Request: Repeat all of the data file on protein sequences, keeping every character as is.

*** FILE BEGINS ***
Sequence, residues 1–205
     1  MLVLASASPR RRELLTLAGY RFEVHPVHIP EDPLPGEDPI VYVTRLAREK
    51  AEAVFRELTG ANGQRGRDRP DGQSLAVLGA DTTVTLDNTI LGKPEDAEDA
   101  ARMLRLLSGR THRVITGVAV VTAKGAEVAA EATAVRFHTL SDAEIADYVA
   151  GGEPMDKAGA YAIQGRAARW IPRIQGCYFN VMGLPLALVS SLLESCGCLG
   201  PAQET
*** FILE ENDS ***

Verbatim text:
Sequence, residues 1–205
     1  MLVLASASPR RRELLTLAGY RFEVHPVHIP EDPLPGEDPI VYVTRLAREK
    51  AEAVFRELTG ANGQRGRDRP DGQSLAVLGA DTTVTLDNTI LGKPEDAEDA
   101  ARMLRLLSGR THRVITGVAV VTAKGAEVAA EATAVRFHTL SDAEIADYVA
   151  GGEPMDKAGA YAIQGRAARW IPRIQGCYFN VMGLPLALVS SLLESCGCLG
   201  PAQET